Talking of a very penurious gentleman of our acquaintance®, he observed, that he exceeded L'Avare in the play'. I concurred with him, and remarked that he would do well, if introduced in one of Foote's farces; that the best way to get it done, would be to bring Foote to be entertained at his house for a week, and then it would be facit indignatio'. JOHNSON. “Sir, I wish he had him. I, who have eaten his bread will not give him to him ; but I should be glad he came honestly by him.
He said, he was angry at Thrale, for sitting at General Oglethorpe's without speaking. He censured a man for degrading himself to a non-entity. I observed, that Goldsmith was on the other extreme ; for he spoke at all venturesø.
in his Courtier; two books yet celebrated in Italy for purity and elegance.' Johnson's Works, vii. 428. The Courtier was translated into English so early as 1561. Lowndes's Bibl. Man. ed. 1871, p. 386.
Burnet (History of His Own Time, ii. 296) mentions Whitby among 'the persons who both managed and directed the controversial war' against Popery towards the end of Charles II's reign. 'Popery,' he says, ‘was never so well understood by the nation as it came to be upon this occasion.' Whitby's Commentary on the New Testament was published in 1703-9.
By Henry Mackenzie, the author of The Man of Feeling. Ante, i. 417. It had been published anonymously this spring. The play of the same name is by Macklin. It was brought out in 1781.
• No doubt Sir A. Macdonald. Ante, p. 169. This ‘ penurious gentleman’ is mentioned again, p. 358. • Molière's play of L'Avare. '... facit indignatio versum.'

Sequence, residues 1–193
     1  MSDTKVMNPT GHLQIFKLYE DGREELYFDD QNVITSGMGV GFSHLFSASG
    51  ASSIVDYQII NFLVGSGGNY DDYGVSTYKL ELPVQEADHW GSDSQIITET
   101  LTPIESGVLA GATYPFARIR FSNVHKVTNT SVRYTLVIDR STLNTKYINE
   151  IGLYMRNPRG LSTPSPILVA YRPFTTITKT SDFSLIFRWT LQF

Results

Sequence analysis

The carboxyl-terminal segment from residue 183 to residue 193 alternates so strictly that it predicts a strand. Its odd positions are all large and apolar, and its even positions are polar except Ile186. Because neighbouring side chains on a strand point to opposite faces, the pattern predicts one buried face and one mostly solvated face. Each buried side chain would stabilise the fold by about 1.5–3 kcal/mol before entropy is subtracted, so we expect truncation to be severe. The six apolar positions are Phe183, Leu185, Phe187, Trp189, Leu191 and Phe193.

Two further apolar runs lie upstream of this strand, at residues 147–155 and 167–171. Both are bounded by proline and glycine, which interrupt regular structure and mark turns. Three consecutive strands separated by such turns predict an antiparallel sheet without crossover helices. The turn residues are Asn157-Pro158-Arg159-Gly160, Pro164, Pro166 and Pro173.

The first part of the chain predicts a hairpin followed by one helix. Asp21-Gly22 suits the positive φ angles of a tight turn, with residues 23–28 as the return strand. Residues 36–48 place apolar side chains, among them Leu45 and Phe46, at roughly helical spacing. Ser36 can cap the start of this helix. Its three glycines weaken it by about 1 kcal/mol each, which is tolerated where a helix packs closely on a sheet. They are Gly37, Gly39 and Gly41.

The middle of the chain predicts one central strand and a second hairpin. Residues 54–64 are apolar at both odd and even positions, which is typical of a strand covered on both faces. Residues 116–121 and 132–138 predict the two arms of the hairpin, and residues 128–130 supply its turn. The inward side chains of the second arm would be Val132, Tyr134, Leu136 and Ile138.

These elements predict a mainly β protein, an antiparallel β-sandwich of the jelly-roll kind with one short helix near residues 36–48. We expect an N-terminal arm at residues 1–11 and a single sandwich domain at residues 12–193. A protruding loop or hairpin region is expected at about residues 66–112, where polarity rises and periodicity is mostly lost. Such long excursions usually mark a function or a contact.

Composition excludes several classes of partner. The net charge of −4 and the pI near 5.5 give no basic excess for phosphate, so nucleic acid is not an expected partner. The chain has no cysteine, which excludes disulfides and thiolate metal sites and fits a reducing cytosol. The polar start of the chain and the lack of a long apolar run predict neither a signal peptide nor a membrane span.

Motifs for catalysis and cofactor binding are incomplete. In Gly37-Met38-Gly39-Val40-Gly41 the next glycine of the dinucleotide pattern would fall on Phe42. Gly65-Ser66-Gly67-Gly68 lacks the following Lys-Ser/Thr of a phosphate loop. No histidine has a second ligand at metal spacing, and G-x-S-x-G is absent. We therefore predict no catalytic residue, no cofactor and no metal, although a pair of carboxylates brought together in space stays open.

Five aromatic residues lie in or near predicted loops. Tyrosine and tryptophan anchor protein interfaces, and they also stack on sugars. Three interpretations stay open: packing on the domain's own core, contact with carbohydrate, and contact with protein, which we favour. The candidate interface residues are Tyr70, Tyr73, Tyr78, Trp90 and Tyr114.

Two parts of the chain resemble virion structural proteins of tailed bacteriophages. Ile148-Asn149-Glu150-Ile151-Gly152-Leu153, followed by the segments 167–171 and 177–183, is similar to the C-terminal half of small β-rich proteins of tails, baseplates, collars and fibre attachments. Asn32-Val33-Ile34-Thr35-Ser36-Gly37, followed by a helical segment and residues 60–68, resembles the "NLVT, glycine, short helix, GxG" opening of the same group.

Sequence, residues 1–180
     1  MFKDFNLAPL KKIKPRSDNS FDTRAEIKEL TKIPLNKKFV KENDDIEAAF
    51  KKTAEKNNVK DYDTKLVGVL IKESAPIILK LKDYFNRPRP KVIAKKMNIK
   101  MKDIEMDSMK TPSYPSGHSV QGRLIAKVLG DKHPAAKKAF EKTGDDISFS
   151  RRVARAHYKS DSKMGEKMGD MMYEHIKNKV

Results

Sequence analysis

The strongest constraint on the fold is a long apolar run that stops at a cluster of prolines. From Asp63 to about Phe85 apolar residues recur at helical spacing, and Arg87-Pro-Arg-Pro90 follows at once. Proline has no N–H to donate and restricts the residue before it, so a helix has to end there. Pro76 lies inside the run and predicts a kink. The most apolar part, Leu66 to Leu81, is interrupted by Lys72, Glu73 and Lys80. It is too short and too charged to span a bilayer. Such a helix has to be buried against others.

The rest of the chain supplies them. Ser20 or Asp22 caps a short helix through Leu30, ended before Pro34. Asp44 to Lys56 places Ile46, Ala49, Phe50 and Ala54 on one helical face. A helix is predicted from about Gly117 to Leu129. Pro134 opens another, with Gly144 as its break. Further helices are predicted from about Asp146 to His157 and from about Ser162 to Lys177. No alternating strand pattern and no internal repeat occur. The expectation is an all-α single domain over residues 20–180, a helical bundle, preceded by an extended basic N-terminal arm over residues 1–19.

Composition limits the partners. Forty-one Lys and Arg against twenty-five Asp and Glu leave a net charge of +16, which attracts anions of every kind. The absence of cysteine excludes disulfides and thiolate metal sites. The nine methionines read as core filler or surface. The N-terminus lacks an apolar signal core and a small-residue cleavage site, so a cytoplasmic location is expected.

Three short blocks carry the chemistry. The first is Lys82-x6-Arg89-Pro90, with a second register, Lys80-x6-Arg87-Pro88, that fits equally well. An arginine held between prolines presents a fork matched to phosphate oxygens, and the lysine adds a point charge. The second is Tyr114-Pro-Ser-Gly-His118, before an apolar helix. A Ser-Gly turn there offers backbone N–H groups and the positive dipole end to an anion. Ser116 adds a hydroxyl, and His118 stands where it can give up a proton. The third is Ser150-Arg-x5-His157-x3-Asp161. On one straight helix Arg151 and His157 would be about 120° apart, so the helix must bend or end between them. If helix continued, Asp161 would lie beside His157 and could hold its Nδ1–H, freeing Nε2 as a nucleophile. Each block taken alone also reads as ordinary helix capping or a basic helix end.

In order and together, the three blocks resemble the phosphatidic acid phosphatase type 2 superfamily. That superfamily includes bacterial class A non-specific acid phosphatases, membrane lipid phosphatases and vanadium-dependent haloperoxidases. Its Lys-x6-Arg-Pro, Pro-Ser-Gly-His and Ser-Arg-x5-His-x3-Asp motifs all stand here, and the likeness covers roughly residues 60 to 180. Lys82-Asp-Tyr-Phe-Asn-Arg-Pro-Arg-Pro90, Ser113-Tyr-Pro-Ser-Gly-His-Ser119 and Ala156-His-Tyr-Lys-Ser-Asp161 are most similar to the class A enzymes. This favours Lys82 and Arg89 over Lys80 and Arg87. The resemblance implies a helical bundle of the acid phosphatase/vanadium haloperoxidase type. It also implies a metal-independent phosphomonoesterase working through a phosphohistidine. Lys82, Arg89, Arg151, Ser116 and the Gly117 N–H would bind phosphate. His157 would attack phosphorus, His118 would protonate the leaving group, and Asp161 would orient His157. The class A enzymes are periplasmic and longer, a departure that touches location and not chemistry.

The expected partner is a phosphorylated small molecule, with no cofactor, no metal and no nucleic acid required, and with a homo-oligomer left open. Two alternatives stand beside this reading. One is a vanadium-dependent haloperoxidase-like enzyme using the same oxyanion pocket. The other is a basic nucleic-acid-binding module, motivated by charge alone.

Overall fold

Juvenal, Sat. i. 79. See ante, iii. 286.
Johnson and Boswell's co-partnership. (Oct. 2.
JOHNSON. “Yes, Sir ; Goldsmith, rather than not speak, will talk of what he knows himself to be ignorant, which can only end in exposing him.' 'I wonder, (said 1,) if he feels that he exposes himself. If he was with two taylors,'Or with two founders, (said Dr. Johnson, interrupting me,) he would fall a-talking on the method of making cannon, though both of them would soon see that he did not know what metal a cannon is made of.' We were very social and merry in his room this forenoon. In the evening the company danced as usual. We performed, with much activity, a dạnce which, I suppose, the emigration from Sky has occasioned. They call it America. Each of the couples, after the common involutions and evolutions, successively whirls round in a circle, till all are in motion; and the dance seems intended to shew how emigration catches, till a whole neighbourhood is set afloat. Mrs. M.Kinnon told me, that last year when a ship sailed from Portree for America, the people on shore were almost distracted when they saw their relations go off, they lay down on the ground, tumbled, and tore the grass with their teeth. This year there was not a tear shed. The people on shore seemed to think that they would soon follow. This indifference is a mortal sign for the country.